Who Killed Julio Antonio Mella?

Portrait of Julio Antonio Mella in Mexico (1929) / Tina Modotti

14ymedio bigger14ymedio, Yunior García, Madrid, 23 March 2024 — On the night of Thursday, January 10, 1929, two scandalously beautiful young people walk down a Mexican street. In a room nearby are photos that some might consider indecent. Not only have they made love until dehydration in every corner of that space for the last four months, but she has wanted to immortalize the glory of their naked bodies. He is not yet 26 and she is about to reach the age of Christ. He has left a wife and a small child in Cuba. She has other lovers.

Two shots ring out at the corner of Abraham González and Morelos. A bullet from a 38 caliber revolver enters Julio Antonio Mella through his left elbow and passes through his intestine, the second one tears his lung. He falls to the ground, bleeding out. She screams for help and kneels next to him. An ambulance takes the body to the Red Cross hospital. When he inevitably dies, Tina closes his eyes and does what she does best in this world: flash on the corpse’s face, which is still strangely beautiful.

Officialdom blames Machado, without questioning any other possibility  

From there, all kinds of theories have been launched about who was the intellectual author of Mella’s death. The complex thing is that almost all the hypotheses are too sprinkled with ideology. The ruling party blames Machado, without questioning any other possibility. The opposition insists on pointing out the communists themselves, whether they are Cubans, Mexicans or hitmen sent directly by Stalin. Agatha Christie devotees swear by the love triangle and the crime of passion. There is so much material on the networks claiming to be “the definitive truth” about this case, that any reader will find some “conclusive” version that satisfies their own ideological prejudices.

It is a fascinating story, on that we all agree. Starting with the fact that neither Tina nor Julio Antonio were their real names. La Modotti was actually called Assunta Adelaide Luigia, a little less sexy than Tina. And he was registered in Havana as Nicanor McPartland y Diez, even less sexy.

The son of an adulterous relationship, little Mella wanted to take on the world from his cradle. As a child, he grew up hearing anecdotes about his grandfather Matías Ramón, a Dominican hero. When he traveled to the United States, while still a teenager, he lied about his age to enlist in the Army. They dragged him out of there by his ears and made him return to Cuba. At 17 he tried the same thing in Mexico, but the new Constitution prevented him from doing so, due to the fact that he was a foreigner. Then, since fate was kicking him away from the dream of weapons, he decided to embrace communism. A fatal decision, but understandable, in an era full of utopias.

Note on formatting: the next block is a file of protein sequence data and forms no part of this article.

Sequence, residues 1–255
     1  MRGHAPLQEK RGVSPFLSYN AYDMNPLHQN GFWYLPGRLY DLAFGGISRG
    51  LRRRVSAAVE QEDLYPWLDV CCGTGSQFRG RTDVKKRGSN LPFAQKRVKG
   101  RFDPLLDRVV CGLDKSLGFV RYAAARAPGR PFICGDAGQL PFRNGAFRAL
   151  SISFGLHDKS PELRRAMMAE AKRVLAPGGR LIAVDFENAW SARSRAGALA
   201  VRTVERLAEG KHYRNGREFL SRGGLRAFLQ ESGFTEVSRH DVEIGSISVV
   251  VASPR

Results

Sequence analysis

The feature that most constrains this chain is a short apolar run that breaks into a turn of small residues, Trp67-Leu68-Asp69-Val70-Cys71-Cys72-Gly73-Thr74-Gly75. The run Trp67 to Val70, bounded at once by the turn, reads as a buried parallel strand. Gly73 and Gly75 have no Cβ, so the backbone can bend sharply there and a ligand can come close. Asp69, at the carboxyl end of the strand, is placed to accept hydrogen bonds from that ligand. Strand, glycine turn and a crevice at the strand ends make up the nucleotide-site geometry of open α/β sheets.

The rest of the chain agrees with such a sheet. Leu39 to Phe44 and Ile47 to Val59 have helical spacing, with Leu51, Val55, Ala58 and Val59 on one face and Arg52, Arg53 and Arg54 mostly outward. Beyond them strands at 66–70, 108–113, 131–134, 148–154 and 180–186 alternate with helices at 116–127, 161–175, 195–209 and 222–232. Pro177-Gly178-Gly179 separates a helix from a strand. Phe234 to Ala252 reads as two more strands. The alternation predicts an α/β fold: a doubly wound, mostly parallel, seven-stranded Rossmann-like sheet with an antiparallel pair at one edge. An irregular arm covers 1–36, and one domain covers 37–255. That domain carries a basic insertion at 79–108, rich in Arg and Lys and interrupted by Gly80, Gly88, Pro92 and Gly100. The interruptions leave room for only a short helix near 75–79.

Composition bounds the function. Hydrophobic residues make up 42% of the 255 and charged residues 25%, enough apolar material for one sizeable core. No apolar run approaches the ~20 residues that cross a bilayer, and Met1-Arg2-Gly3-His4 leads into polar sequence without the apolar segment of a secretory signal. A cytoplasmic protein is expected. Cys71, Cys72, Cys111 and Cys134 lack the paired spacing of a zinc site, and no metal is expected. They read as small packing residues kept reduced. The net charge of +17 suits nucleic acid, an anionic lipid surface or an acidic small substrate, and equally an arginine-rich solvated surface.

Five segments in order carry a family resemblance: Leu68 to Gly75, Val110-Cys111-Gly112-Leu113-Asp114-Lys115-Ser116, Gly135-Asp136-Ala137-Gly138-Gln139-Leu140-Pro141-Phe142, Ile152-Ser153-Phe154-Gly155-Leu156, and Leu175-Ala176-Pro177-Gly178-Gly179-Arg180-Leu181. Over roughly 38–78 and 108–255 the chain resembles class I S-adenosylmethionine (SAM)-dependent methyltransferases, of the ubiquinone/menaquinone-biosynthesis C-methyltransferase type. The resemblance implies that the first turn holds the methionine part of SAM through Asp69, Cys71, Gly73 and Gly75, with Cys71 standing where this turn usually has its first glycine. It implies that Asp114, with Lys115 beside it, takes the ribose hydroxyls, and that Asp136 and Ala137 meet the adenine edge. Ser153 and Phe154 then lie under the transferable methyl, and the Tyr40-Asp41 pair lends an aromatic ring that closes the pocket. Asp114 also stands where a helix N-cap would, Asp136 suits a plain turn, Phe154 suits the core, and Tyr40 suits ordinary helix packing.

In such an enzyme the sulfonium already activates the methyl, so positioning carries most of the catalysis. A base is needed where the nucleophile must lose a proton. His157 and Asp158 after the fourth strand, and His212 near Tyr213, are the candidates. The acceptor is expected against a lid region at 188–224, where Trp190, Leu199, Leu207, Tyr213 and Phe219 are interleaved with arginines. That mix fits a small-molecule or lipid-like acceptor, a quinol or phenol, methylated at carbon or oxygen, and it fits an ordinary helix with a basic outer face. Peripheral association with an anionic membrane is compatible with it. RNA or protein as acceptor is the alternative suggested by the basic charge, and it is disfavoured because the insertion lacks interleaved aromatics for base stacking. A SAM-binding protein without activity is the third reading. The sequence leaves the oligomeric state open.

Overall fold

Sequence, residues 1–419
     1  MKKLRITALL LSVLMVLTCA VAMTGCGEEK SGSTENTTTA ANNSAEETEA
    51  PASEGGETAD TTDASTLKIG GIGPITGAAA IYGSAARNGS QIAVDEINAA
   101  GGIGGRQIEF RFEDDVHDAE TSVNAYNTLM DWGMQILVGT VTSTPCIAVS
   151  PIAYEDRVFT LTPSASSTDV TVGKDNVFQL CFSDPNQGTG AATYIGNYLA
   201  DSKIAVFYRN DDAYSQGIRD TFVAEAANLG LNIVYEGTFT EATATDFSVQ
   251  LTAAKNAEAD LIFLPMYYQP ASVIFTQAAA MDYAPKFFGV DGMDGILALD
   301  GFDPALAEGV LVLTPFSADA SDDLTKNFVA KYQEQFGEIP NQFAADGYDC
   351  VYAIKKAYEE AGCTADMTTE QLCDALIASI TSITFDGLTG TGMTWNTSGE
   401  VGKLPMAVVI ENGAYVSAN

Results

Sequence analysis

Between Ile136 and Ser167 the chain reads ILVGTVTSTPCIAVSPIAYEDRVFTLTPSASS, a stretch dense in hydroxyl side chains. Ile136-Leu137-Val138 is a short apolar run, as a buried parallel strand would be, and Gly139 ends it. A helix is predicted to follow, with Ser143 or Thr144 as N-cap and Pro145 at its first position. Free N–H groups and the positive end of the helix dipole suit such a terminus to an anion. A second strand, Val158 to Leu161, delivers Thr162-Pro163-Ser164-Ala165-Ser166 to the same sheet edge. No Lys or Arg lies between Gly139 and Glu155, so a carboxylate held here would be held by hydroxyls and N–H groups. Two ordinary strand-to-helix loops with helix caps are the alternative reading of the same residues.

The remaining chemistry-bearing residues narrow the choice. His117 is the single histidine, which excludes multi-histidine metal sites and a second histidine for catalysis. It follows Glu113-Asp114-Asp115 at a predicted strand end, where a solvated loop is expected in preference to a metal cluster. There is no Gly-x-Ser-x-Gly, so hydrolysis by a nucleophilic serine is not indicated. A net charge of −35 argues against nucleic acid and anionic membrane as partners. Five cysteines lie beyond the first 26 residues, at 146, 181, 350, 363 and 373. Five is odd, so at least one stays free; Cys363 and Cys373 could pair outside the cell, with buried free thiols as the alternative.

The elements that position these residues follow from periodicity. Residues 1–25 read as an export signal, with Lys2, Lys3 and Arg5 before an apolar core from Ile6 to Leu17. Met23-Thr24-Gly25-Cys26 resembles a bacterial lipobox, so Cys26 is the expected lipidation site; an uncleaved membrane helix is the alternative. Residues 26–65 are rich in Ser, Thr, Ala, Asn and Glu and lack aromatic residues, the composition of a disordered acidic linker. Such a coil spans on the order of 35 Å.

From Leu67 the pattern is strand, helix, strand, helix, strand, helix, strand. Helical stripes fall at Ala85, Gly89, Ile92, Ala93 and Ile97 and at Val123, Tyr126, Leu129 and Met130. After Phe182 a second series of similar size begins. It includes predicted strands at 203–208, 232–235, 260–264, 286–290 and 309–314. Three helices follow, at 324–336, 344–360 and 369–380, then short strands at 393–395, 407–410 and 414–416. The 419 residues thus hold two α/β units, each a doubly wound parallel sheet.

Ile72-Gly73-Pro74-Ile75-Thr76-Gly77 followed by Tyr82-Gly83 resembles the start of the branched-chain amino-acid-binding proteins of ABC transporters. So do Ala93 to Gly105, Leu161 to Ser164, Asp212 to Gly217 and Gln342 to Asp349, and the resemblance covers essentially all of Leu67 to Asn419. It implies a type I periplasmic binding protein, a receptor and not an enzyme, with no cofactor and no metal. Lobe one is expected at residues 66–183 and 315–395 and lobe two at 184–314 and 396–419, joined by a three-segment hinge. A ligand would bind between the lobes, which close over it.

It is known that Mella was arrested for some bombs that exploded at Havana’s Payret theater box office in September 1925.

It is known that Mella was arrested for some bombs that exploded at Havana’s Payret theater box office in September 1925. It is also known that the young man declared a hunger strike, holding out for 17 days, until suffering a heart attack. What the regime avoids saying out loud is that the Communist Party itself founded by Mella expelled him after his strike. The action was described as insubordination and “tactical opportunism.” They accused him of having ties to the bourgeoisie and “lacking feelings of solidarity.”

Disappointed, Mella did what almost all of his historical role models did before: he went into exile. But the Mexican communists would not receive him with just smiles and hugs either. There, too, Mella would show his rebellious side, generating a greater crisis among the ranks of the supporters of Trotsky or Stalin.

By that time there were already many people with an interest in his death. Beyond differences and political positions, there was something much more vulgar in the desire to annihilate him: envy. Mella had it all, he was tall, attractive, athletic, sensual, intelligent, charismatic, bold… and on top of that he had a legend. Juan Marinello would say that to know him was to believe in him. Both for his enemies and for his allies who aspired to achieve some measure of prominence, Mella was too burdensome an obstacle.

A friend who hates communism, but who admires this controversial figure, tells me that she does not see the Mella of today in any of the test tubes of the FEU [University Student Federation], the UJC [Young Communist League] or the AHS (Asociación Hermanos Saíz), much less in the insipid presenters on Cuba’s State TV Con Filo program. For my friend, today’s Mella is surely in some dark cell, or perhaps in exile, while others plan his death.


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